California woman survives terrifying 500-foot zip-lining fall in Mexico

Heather Gladden of Cloverdale, California, says she is very lucky to be alive after falling 500 feet while zip-lining while on vacation in Mexico.

Last month, the Bay Area mother of four was on a cruise with her husband when they booked an excursion in Puerto Vallarta’s Nogalito EcoPark, which offers a course of 11 zip-line runs.

About halfway across her fifth run of the day, there was a problem with the line she was riding on. Gladden fell about 500 feet down into a tree-covered gorge.

"Next thing I could hear the trees rustling through my ears and the noise of the tree branches," Gladden recalled to KPIX-TV in San Francisco. "And then just a hard yank, and then when I opened up my eyes, I was upside-down in the tree.”

She also said, "I didn't think I was going to make it."

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Remarkably, Gladden survived with no broken bones and only what could be considered minor injuries.

"I have bruising throughout my leg with nasty cable burns," she said. "And a possible torn ACL."

Her husband told KPIX that he was on the next zip-line platform when the accident occurred.

"All I saw was the wire literally go right through my legs, hit the ground and then went over the cliff," said Ryan Gladden. "I told the guy, 'What just happened?' And he was just like, 'I don't know. This has never happened before.'"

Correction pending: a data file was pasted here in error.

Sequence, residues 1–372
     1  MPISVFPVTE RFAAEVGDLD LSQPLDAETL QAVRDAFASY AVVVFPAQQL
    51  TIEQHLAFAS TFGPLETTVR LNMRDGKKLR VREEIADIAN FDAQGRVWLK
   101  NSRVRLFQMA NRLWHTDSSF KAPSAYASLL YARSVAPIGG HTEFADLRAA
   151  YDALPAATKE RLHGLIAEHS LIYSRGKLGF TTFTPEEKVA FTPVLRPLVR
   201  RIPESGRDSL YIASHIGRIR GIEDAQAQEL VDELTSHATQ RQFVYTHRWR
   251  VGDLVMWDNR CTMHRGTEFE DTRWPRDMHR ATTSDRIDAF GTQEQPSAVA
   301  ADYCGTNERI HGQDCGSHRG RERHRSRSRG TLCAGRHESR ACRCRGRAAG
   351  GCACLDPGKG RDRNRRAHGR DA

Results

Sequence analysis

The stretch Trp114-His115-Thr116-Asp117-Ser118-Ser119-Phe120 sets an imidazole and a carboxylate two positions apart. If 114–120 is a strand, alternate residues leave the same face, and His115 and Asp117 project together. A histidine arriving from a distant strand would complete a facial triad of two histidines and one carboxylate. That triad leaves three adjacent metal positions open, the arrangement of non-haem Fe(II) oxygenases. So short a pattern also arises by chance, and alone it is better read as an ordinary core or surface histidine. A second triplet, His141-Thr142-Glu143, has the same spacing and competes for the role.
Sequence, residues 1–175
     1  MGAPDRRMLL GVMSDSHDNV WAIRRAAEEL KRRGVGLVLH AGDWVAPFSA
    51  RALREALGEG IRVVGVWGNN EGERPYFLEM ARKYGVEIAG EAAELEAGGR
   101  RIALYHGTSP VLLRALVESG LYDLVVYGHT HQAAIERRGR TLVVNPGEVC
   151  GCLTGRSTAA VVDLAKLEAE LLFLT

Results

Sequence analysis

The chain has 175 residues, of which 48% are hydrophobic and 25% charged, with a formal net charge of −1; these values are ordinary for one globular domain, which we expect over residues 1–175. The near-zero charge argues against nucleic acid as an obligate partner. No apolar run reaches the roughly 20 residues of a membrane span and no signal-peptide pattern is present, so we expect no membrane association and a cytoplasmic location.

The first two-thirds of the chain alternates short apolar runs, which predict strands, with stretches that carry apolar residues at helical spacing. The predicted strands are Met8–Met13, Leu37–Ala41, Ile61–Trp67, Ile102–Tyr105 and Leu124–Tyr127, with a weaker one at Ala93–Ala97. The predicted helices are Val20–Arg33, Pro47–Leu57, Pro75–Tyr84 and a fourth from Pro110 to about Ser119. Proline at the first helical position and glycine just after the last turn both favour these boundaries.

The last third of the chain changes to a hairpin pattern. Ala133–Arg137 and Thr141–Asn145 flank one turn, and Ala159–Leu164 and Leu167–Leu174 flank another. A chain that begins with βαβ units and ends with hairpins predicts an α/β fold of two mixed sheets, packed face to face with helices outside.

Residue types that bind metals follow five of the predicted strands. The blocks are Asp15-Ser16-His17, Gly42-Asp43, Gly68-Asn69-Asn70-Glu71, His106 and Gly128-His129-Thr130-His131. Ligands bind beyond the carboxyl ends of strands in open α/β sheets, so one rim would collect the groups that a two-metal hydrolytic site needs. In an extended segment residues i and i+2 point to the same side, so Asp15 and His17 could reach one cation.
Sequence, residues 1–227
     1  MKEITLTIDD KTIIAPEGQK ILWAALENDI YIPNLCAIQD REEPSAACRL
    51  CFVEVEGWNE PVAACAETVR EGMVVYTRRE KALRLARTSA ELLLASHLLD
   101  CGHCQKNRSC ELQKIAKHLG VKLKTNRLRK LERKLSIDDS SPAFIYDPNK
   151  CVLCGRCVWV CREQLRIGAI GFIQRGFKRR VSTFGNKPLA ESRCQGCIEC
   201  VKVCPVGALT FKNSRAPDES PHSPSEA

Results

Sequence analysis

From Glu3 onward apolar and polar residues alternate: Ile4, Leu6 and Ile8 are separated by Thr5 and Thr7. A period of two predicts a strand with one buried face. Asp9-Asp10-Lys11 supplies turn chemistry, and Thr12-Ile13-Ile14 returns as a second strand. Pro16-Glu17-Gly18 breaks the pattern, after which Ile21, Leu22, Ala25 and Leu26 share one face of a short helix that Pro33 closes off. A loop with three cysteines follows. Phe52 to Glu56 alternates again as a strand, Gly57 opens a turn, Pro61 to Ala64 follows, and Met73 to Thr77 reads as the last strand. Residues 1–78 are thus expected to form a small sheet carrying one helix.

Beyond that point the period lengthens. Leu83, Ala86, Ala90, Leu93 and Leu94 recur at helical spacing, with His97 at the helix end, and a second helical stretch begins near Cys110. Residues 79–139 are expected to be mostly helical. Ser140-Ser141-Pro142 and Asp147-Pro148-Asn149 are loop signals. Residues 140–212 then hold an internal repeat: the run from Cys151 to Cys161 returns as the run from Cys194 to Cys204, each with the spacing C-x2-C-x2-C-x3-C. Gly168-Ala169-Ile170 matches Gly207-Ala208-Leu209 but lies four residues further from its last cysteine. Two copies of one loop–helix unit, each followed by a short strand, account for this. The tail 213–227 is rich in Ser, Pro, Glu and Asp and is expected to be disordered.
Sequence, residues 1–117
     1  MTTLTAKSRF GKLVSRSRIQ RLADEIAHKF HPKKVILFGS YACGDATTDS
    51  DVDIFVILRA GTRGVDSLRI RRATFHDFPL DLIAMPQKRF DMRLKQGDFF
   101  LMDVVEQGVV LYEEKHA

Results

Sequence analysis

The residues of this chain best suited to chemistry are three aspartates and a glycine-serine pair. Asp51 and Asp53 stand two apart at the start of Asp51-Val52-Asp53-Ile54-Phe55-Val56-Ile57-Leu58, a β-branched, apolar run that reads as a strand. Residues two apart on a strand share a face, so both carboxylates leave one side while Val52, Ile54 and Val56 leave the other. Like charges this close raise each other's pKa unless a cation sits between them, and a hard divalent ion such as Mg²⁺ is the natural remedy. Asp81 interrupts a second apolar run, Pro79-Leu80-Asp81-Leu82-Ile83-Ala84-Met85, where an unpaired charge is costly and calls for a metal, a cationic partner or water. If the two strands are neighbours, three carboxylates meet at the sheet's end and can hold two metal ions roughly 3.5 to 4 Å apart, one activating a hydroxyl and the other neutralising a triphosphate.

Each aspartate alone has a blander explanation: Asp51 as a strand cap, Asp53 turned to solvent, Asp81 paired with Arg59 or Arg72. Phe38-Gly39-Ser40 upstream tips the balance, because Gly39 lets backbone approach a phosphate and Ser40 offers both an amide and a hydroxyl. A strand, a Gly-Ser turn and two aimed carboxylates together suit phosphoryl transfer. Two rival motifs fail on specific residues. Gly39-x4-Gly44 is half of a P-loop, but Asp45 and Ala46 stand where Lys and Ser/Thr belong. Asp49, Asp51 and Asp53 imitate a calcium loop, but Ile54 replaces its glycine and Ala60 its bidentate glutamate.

Ryan said he rushed down into the gorge and found Heather dangling in the branches of the tree that broke her fall.

Fellow-travelers Monica and John Lee of Hayward, California, told the station that they heard the line snap before seeing Gladden’s fall.

“It was unbelievable, I couldn't believe what had happened," Monica Lee said.

Her husband added, "And then you just hear her yelling, you know, just screaming."

Nogalito manager Nuria Flores González told the Santa Rosa-based Press Democrat that the zip-line did not detach or break. Instead, she said, Gladden fell a cable support mechanism failed.

“It got weak in some way, and that’s what made it drop lower than normal,” she told the paper. “I believe it was a slow drop.”

The Gladdens elected to not stay overnight at a local hospital and returned to their Norwegian Cruise Line ship – which has no affiliation with the zip-line excursion. The seven-day cruise was heading back to where it began in San Pedro near Los Angeles, where the Gladdens left their car.

After returning to the Bay Area, Gladden received treatment at the Sutter Santa Rosa Regional Hospital.

“I’m not a churchgoer, but somebody was looking over me that day,” she told the Press Democrat.

She admitted to KPIX that the accident "replays over and over and over.”

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